“Clapboard” by Gustavo Hernandez

Gustavo Hernandez


In second grade I winged definitions
because I couldn’t find a dictionary
among the hand-me downs people
left in the house we moved into.

I described a wallet best I could:
the loose crease, the torn
corners. Fruit only shapes
and colors absent continents

of origin. The house on Spruce
with its two rooms for seven
people never promised more
than what it first contained,

but taught us to create space—
knees on the green carpet with
a notebook split open
on the edge of a mattress,

prayer and sewing taken up
at the kitchen table. Rough
shingles, drumming rain
gutters. In a way a house

never stops protecting us.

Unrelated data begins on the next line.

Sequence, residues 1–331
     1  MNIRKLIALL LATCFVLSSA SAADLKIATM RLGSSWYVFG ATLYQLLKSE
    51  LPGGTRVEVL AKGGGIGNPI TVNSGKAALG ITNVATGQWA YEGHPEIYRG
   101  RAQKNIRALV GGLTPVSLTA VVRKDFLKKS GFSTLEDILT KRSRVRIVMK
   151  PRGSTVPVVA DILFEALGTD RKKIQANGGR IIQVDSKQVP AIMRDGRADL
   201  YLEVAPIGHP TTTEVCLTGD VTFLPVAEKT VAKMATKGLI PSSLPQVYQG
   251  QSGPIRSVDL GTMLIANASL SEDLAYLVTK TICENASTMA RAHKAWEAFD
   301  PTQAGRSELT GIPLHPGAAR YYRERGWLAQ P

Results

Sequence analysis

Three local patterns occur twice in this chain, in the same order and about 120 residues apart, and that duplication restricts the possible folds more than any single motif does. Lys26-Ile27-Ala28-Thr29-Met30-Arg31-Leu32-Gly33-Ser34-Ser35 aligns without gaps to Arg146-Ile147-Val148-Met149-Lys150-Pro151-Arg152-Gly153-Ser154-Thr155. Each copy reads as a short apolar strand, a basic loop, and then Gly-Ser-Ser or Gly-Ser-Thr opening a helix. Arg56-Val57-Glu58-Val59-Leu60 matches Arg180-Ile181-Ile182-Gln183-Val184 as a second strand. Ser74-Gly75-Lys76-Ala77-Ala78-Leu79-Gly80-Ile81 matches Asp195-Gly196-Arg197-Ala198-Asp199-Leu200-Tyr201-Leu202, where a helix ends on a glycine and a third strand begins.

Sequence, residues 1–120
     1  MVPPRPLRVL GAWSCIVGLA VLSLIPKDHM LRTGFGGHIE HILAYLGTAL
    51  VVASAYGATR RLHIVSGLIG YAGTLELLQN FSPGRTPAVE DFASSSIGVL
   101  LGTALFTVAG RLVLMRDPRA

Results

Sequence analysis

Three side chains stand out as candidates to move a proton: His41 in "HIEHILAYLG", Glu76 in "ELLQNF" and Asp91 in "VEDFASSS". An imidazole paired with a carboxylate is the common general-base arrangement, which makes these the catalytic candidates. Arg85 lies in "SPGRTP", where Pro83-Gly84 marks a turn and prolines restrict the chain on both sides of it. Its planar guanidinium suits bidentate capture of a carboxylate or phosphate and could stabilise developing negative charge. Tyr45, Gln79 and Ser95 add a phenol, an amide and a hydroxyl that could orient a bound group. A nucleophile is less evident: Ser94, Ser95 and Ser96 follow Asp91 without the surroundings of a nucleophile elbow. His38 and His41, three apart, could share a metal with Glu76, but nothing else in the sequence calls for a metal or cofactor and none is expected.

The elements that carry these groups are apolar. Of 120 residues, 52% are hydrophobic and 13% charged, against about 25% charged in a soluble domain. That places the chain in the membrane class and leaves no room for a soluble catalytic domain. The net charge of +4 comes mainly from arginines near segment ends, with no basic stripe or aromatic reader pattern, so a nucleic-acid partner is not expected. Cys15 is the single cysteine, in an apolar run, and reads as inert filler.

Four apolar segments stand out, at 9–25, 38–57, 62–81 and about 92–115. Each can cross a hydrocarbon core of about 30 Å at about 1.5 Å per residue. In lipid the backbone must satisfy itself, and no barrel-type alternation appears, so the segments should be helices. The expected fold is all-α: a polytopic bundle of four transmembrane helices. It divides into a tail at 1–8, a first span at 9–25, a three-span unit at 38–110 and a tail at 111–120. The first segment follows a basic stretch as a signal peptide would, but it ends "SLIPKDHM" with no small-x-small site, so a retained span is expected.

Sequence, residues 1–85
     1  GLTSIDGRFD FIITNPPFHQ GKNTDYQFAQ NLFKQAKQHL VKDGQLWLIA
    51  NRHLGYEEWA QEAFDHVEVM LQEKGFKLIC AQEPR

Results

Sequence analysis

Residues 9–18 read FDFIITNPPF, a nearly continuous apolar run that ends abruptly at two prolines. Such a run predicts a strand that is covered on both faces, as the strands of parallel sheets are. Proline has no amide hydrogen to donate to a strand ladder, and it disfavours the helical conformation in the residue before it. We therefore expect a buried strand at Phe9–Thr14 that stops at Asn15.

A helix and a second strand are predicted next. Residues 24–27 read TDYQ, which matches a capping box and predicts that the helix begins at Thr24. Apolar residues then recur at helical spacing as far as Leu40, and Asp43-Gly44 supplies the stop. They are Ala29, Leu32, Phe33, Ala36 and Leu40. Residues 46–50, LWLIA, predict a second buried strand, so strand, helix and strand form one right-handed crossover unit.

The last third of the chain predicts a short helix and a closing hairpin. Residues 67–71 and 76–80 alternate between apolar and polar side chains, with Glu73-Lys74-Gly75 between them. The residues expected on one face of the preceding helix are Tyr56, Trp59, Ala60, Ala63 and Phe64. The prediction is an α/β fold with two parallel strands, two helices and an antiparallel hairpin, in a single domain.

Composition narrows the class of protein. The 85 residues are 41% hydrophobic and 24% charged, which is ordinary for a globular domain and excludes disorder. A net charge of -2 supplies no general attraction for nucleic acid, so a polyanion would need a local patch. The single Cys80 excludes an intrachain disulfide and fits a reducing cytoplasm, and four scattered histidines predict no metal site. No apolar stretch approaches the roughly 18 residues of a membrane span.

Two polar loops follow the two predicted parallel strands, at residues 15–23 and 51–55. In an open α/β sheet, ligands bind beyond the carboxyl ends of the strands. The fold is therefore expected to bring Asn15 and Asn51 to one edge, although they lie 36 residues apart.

I can still see its lamp
shorting out, and my family
walking in the dark, feeling

our way around. Doing pretty well.

from Poets Respond
December 10, 2019


Gustavo Hernandez: “Most of the time the media feeds us an image of homelessness that doesn’t take into account its many faces. Reading about the number of homeless children who are trying to get an education made me think of how fortunate I was that my parents, although struggling, were always able to keep a roof over my head during my formative years. This poem expresses gratitude to our tiny haven and reinforces the importance of having a place to call home.” (web)

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